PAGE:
A description of communication patterns during CPR in ICU.

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A description of communication patterns during CPR in ICU.

Resuscitation. 2014 Jul 7;

Authors: Taylor KL, Yavorska T, Everett T, Parshuram C

BACKGROUND: Deficiencies in communication in health care are a common source of medical error. Preferred communication patterns are a component of resuscitation teaching. We audio-recorded resuscitations in a mixed pediatric medical and surgical ICU to describe communication METHODS: In the Intensive Care Unit, resuscitation events were prospectively audio-recorded by 2 trained observers (using handheld recorders). Recordings were transcribed and anonymised within 24hours. We grouped utterances regarding the same subject matter from beginning (irrespective of response) as a communication epoch. For each epoch we describe the initiator, audience and content of message. Teamwork behaviors were described using Anesthesia Nontechnical Skills framework (ANTS), a behavioural marker system for crisis-resource management.
RESULTS: Consent rates from staff were 139/140(99%) and parents were 67/92 (73%). We analyzed 36minutes 57seconds of audio dialogue from 4 cardiac arrest events in 363hours of prospective screening. There were 180 communication epochs (1 every 12seconds): 100 (56%) from the team-leader and 80(44%) from non-team-leader(s). Team-leader epochs to give or confirm orders or assert authority (61%), clarify patient history (14%) and provide clinical updates (25%). Non-team-leader epochs were more often directed to the team (65%) than the team-leader (35%). Audio recordings provided information for 80% of the ANTS component elements with scores of 2-4.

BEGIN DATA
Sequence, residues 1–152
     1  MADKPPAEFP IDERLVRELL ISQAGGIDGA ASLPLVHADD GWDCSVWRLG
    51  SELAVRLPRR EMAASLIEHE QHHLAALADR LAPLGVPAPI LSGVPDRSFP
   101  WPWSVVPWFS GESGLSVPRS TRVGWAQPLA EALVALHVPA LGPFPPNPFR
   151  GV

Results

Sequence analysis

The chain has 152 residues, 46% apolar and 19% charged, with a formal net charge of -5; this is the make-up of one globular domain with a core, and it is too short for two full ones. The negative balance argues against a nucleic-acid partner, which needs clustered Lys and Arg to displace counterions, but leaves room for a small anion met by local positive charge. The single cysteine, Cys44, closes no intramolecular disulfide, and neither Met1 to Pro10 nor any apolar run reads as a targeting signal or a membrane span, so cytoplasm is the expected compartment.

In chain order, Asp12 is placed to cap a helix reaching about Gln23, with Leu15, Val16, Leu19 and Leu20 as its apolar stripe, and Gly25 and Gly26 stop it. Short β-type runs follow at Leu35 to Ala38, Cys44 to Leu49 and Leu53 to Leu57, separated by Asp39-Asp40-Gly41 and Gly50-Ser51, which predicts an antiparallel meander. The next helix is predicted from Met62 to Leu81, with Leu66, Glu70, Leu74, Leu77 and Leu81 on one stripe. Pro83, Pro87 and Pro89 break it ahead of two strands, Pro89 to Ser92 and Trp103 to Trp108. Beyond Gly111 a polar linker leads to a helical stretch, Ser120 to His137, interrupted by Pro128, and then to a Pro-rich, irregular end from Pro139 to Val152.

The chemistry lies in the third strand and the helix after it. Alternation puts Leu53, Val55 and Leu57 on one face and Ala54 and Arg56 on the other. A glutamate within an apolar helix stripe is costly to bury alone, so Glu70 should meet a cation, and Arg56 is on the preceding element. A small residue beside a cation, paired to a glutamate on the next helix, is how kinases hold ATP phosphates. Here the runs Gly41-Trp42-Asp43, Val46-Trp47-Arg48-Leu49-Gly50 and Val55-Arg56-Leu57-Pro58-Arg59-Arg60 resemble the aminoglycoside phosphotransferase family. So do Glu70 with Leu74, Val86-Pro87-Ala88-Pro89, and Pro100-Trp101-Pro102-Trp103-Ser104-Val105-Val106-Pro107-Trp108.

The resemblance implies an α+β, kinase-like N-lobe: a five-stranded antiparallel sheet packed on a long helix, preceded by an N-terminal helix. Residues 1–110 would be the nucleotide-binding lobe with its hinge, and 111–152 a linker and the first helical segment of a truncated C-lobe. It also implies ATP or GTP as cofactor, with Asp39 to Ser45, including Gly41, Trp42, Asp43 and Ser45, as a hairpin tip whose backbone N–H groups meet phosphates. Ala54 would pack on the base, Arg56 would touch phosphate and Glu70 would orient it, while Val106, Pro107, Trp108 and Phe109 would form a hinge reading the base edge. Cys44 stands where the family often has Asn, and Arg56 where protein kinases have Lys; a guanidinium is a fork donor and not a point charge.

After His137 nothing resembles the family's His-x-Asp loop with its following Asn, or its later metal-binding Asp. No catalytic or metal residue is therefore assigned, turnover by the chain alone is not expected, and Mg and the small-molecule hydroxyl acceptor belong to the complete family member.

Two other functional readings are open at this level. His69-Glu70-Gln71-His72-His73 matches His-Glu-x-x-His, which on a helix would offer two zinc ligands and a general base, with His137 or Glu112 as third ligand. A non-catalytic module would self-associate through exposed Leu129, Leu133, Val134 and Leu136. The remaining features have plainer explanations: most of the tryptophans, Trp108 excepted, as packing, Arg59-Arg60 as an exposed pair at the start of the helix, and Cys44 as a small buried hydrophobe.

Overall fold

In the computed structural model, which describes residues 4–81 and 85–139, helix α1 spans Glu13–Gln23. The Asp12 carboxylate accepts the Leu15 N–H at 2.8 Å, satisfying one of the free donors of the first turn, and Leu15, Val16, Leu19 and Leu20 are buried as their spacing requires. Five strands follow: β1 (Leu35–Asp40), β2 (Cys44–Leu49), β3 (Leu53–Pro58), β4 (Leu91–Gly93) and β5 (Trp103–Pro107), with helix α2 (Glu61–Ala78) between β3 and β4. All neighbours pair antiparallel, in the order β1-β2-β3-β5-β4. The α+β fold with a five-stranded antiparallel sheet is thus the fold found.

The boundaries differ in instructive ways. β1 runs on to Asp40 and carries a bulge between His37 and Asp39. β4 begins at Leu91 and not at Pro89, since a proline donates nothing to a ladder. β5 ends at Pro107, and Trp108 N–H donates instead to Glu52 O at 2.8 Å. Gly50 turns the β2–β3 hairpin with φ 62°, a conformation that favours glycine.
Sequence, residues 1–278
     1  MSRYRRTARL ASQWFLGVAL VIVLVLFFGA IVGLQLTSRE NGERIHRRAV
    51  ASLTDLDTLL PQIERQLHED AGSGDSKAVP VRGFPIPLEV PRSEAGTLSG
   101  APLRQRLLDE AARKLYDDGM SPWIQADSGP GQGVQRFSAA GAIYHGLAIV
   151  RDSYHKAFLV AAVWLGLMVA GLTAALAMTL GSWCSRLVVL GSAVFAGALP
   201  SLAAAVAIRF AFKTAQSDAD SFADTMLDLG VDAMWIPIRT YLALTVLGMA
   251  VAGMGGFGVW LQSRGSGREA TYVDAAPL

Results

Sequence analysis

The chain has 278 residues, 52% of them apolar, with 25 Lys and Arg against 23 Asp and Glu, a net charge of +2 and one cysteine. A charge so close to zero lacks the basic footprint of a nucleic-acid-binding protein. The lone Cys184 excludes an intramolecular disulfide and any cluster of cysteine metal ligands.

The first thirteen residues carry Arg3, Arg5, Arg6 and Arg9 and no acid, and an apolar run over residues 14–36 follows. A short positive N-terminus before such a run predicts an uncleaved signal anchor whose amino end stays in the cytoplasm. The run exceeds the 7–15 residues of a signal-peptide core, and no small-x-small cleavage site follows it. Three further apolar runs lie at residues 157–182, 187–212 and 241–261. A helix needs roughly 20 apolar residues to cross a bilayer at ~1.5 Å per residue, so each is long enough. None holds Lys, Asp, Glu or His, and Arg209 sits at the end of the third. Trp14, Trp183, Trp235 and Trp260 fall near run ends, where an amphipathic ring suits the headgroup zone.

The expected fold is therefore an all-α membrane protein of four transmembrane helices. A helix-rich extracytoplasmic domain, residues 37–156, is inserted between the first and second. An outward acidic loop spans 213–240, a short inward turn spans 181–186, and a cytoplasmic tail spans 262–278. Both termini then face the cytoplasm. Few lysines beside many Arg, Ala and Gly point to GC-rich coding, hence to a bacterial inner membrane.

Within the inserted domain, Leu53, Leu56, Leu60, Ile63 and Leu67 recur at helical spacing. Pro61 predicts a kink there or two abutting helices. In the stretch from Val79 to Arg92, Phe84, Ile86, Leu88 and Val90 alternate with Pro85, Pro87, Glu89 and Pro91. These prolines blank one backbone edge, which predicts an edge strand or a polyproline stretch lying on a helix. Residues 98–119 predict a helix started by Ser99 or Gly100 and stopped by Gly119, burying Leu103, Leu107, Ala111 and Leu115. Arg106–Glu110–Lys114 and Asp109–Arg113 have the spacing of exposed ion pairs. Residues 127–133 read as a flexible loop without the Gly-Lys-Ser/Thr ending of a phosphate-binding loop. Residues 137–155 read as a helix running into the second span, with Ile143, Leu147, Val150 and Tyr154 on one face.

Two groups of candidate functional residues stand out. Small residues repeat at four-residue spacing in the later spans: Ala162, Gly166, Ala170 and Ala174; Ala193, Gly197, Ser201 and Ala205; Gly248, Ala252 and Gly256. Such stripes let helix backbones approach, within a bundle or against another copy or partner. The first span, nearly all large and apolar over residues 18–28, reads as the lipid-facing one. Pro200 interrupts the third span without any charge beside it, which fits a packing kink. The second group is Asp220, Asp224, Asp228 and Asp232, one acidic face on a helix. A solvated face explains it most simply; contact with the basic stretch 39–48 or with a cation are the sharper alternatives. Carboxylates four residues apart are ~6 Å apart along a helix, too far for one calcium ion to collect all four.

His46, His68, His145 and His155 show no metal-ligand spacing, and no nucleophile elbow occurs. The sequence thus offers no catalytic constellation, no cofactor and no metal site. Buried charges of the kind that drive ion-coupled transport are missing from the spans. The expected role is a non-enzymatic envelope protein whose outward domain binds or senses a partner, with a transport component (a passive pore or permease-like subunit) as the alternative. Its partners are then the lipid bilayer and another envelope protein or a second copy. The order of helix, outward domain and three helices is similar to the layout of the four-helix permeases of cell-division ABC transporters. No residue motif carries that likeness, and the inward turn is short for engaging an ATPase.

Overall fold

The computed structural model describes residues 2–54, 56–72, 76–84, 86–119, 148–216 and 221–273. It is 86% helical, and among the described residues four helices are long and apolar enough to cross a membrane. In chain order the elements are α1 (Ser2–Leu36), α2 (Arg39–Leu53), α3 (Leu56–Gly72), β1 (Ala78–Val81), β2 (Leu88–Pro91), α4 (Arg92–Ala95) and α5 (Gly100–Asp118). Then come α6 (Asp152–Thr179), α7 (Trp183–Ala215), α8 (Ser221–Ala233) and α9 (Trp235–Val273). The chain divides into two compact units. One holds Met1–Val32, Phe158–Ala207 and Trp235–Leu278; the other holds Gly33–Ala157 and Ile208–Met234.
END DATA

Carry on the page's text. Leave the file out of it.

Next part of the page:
CONCLUSION: Communication epochs were frequent, most from the team-leader. We identified an 'outer loop' of communication between team members not including the team-leader, responsible for 44% of all communication events. We discuss difficulties in this research methodology. Future work includes exploring the process of the 'outer loop' by resuscitation team members to evaluate the optimal balance between single leader and team suggestions, the content of the outer loop discussions and in-event communication strategies to improve outcomes.

PMID: 25010785 [PubMed - as supplied by publisher]

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